Strenuous Unbelief

Jonathan Rée: Richard Rorty, 15 October 1998

Achieving Our Country: Leftist Thought in 20th-Century America 
by Richard Rorty.
Harvard, 107 pp., £12.50, May 1998, 9780674003118
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Truth and Progress: Philosophical Papers, Vol. III 
by Richard Rorty.
Cambridge, 355 pp., £40, June 1998, 0 521 55347 4
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... Back in the Sixties, before he became the bad boy of American philosophy, Richard Rorty struck his colleagues as a safe and promising young man. His first book, published in 1967, was an anthology of Essays in Philosophical Method designed to document the reorientations in analytic philosophy that followed Rudolf Carnap’s move from Germany to the US in 1935 ...

Gabble, Twitter and Hoot

Ian Hacking: Language, deafness and the senses, 1 July 1999

I See a Voice: A Philosophical History of Language, Deafness and the Senses 
by Jonathan Rée.
HarperCollins, 399 pp., £19.99, January 1999, 0 00 255793 2
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... Jonathan Rée takes some tomfoolery from Shakespeare for his title and uses it to create his own striking metaphor. The middle part of his book is about sign languages for the deaf: voices that one sees. The same trope served Oliver Sacks in Seeing Voices: A Journey into the World of the Deaf (1989), but there is more to it than that for Rée ...

The Bad News about the Resistance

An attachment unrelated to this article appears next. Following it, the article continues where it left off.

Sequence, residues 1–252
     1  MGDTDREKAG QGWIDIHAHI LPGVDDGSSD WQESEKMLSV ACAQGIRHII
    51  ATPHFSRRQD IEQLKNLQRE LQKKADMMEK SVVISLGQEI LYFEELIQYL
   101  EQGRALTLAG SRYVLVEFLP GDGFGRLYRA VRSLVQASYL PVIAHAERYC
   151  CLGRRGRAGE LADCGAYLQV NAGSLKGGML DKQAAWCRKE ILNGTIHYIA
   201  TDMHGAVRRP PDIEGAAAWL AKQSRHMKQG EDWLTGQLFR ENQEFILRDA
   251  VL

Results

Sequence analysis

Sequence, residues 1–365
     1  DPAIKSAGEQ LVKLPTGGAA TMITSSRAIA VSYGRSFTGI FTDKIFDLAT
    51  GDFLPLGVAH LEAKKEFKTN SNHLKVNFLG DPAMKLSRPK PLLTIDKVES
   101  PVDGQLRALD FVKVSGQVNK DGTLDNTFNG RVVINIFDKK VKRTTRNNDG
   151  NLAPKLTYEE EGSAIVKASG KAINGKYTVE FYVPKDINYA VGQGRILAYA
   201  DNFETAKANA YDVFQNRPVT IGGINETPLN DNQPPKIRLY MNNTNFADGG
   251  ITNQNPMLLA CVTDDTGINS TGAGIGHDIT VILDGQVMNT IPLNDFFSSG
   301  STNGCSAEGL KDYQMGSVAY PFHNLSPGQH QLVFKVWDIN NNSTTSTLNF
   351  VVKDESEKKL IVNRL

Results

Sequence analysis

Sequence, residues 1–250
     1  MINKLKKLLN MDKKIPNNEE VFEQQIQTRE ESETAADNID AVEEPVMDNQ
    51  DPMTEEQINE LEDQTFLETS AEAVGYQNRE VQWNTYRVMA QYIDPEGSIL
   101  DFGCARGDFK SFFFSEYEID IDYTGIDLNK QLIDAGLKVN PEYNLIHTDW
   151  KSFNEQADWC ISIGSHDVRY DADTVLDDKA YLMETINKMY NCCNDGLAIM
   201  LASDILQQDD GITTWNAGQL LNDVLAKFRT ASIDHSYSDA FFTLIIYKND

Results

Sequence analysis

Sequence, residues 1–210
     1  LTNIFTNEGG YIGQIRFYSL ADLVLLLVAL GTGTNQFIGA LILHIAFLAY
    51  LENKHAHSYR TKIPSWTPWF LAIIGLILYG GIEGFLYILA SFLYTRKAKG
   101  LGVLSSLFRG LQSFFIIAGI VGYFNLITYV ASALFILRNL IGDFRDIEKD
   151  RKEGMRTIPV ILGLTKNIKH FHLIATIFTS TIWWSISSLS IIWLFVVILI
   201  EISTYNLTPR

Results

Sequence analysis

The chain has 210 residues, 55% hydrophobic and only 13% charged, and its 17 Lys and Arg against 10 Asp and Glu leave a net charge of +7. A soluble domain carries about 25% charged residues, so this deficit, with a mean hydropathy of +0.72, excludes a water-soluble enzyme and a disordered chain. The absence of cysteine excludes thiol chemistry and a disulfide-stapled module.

Neal Ascherson: Parachuted into France, 30 July 2020

A Schoolmaster’s War: Harry Rée, British Agent in the French Resistance 
edited by Jonathan Rée.
Yale, 204 pp., £14.99, March, 978 0 300 24566 0
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... Marie​ Fouillette died in France in 1975. By then, Harry Rée was a teacher at Woodberry Down Comprehensive in North London, back doing the job he loved best. But a little over thirty years before, they had been together in the French Resistance. Harry (‘Henri’ or ‘César’) was an agent of the Special Operations Executive (SOE), parachuted in by London to organise the local ‘maquis’ to carry out sabotage in the Franche-Comté, up against the Swiss border ...

Thou shalt wage class war

Gareth Stedman Jones, 1 November 1984

Proletarian Philosophers: Problems in Socialist Culture in Britain 1900-1940 
by Jonathan Rée.
Oxford, 176 pp., £15, February 1984, 0 19 827261 8
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... the strange career and ultimate oblivion of this indigenous philosophy of the self-taught that Jonathan Rée’s Proletarian Philosophers is concerned. To understand who Craik was, it is necessary to go back to 1909, the year of a celebrated strike at Ruskin College, Oxford. The students of the newly-founded college – mainly miners and ...


Will Self: On the Common, 25 February 2010

... University philosophy faculty; Esther Leslie, a professor of political aesthetics at Birkbeck; and Jonathan Rée, who was dashingly trailed as a ‘freelance historian and scholar’. Their subject: the Frankfurt School. And what could be a more fitting podcast – I thought to myself as I set off across the muddy grass – than a consideration of those ...

Being that can be understood is language

Richard Rorty: H.-G. Gadamer, 16 March 2000

... in turn, is simply the history of the uses of the various words used to describe the object. As Jonathan Rée has suggested in his recent I See a Voice, objects are like onions: lots of layers made up of descriptions (the further into the onion, the earlier the description), but without a nonlinguistic core that will be revealed once those layers have ...

Making It Up

Raphael Samuel, 4 July 1996

Raymond Williams 
by Fred Inglis.
Routledge, 333 pp., £19.99, October 1995, 0 415 08960 3
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... to the biological and technological determinism of those ‘proletarian philosophers’ about whom Jonathan Rée and Stuart MacIntyre have written so illuminatingly, the writers and lecturers of the Plebs League (one of the many possible feeders of Williams’s thought, as of the adult education movement, who are absent from Inglis’s text). Raymond ...